Students in the program will be enrolled in 4-H. Through volunteers and partners the students will receive training in projects of their choice — like sewing, gardening, robotics, cooking or leadership — and have the opportunity to take part in 4-H contests, camps and the fair.
“After graduating from the program, our second goal is to develop more 4-H Clubs in Greene County so these academy graduates can stay connected with 4-H and keep learning and growing,” said Burton.
The 4-H Youth Program Associate will assist in planning, managing and supporting a program at the juvenile office but also working to keep graduates of the program connected with Greene County 4-H.
Current 4-H Youth Development Specialist Karla Deaver, who is headquartered in Lawrence County, will supervise the position.
“This is a tremendous opportunity for us to expand our programming efforts in Springfield and Greene County. We are looking forward to developing partnerships within the community and plan to establish an adult mentor program to keep youth connected,” said Deaver.
This new 4-H youth associate is being asked to advocate for positive youth development in community and extension.
To do this, Kastning will need to develop and maintain a positive relationship between 4-H Council, Extension Council, County Commissioners, the community and other stakeholders. He will also need to provide local leadership for programs. He will need to plan, implement and evaluating those programs as well.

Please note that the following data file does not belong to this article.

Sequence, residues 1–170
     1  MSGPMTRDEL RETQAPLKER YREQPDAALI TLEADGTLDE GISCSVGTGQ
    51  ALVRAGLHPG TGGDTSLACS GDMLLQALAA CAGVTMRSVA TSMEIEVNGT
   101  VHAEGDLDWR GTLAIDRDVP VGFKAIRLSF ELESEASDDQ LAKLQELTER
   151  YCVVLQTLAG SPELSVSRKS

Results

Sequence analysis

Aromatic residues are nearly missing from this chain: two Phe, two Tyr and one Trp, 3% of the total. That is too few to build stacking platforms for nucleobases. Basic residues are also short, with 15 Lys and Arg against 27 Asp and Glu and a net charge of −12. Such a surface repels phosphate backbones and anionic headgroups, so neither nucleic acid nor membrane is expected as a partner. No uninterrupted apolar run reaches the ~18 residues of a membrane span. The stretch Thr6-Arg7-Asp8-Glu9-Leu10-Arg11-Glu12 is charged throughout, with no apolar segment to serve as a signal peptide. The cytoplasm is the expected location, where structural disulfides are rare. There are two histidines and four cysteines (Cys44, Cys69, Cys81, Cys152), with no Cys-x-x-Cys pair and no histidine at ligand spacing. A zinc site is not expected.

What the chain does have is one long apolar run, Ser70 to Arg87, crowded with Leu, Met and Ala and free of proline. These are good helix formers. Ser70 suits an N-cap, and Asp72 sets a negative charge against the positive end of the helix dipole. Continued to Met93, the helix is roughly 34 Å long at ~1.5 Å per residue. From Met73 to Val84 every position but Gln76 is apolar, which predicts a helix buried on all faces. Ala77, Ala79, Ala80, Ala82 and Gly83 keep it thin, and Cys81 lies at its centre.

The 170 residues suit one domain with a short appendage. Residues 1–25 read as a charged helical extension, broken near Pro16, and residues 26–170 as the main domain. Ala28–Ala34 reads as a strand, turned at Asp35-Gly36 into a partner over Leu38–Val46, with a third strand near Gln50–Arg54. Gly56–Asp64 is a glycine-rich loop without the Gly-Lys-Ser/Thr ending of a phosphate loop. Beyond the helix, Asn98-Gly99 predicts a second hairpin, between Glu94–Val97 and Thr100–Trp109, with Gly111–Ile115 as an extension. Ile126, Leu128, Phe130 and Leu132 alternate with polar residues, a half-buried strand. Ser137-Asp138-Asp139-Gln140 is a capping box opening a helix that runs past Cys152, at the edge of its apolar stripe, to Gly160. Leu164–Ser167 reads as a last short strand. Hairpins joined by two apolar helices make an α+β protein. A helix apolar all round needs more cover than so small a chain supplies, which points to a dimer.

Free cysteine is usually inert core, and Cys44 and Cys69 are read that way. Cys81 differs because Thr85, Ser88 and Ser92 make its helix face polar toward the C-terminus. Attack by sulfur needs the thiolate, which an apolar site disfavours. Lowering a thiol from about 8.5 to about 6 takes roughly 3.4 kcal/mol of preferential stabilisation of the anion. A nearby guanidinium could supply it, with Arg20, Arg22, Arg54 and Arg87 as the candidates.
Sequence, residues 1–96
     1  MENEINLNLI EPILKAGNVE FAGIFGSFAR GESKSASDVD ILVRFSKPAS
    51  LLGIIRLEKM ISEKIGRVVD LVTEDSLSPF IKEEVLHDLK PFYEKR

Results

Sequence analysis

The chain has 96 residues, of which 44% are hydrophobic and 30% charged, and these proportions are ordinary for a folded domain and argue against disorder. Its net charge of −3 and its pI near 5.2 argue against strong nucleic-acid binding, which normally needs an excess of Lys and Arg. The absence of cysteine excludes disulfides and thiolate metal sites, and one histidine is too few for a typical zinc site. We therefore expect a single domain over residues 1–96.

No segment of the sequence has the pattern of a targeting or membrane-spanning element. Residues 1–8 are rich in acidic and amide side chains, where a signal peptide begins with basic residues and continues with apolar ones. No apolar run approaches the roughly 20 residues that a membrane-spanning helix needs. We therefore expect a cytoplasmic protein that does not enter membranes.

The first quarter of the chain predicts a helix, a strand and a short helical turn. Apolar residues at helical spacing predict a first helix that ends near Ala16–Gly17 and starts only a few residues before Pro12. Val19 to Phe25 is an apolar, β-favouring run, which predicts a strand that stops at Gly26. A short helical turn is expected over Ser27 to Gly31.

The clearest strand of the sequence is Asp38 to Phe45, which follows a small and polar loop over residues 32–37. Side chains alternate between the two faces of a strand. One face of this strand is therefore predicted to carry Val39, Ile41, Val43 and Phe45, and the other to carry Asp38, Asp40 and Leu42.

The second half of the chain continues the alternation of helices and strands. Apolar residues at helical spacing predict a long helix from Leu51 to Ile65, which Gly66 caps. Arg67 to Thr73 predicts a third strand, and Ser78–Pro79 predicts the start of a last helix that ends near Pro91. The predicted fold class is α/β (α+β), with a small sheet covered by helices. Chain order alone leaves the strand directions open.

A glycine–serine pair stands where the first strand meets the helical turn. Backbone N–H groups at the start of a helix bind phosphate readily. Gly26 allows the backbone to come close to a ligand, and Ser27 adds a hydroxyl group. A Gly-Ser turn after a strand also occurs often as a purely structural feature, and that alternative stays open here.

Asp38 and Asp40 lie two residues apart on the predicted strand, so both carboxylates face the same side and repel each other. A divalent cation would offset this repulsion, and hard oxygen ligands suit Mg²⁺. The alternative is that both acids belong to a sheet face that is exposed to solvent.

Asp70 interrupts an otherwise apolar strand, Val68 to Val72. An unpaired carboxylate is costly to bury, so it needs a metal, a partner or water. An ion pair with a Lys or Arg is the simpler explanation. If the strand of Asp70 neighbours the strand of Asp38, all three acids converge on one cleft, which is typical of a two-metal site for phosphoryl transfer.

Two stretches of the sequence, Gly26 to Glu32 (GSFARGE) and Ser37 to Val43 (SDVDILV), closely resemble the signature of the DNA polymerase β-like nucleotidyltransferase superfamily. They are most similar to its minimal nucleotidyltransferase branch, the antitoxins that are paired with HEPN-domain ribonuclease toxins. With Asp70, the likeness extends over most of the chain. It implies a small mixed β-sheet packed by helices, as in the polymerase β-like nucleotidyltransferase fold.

PARTNERSHIPS ARE NEEDED
The Greene County Extension Council is looking for grants or sponsorships to cover some unique costs associated with this program.
For starters, the county extension council wants to be able to pay the $20 annual enrollment fee to 4-H for each youth in the juvenile academy. That is estimated to cost $2,000 a year.
There is also a need for monies to cover costs for curriculum and materials related to various projects, like the robotics program. This is estimated to cost about $2000 – $3000 per year.
Ultimately, the county extension council would like to provide a 10-hours-per-week assistant to help with 4-H program paperwork and reporting. This is an estimated to cost about $8,000 per year according to Burton.
“This is a significant investment in the 4-H program for Greene County. Not just for at-risk youth but ultimately for all youth in the county who could benefit from having a more robust 4- H program in the county,” said Burton. “But we cannot make this happen without resources, partners and volunteers.”
For further information, contact Kastning at the Greene County MU Extension center by telephone at (417) 881-8909 or by email at email@example.com.
There are several existing 4-H Clubs in Greene County open to new members, and that information can be found online at http://extension.missouri.edu/greene.
For individuals interested in serving as a 4-H volunteer in a club, on a project, or in a new SPIN Club, please contact 4-H Youth Development Specialist Karla Deaver by telephone at (417) 466-3102 or by email at firstname.lastname@example.org.
— University of Missouri Extension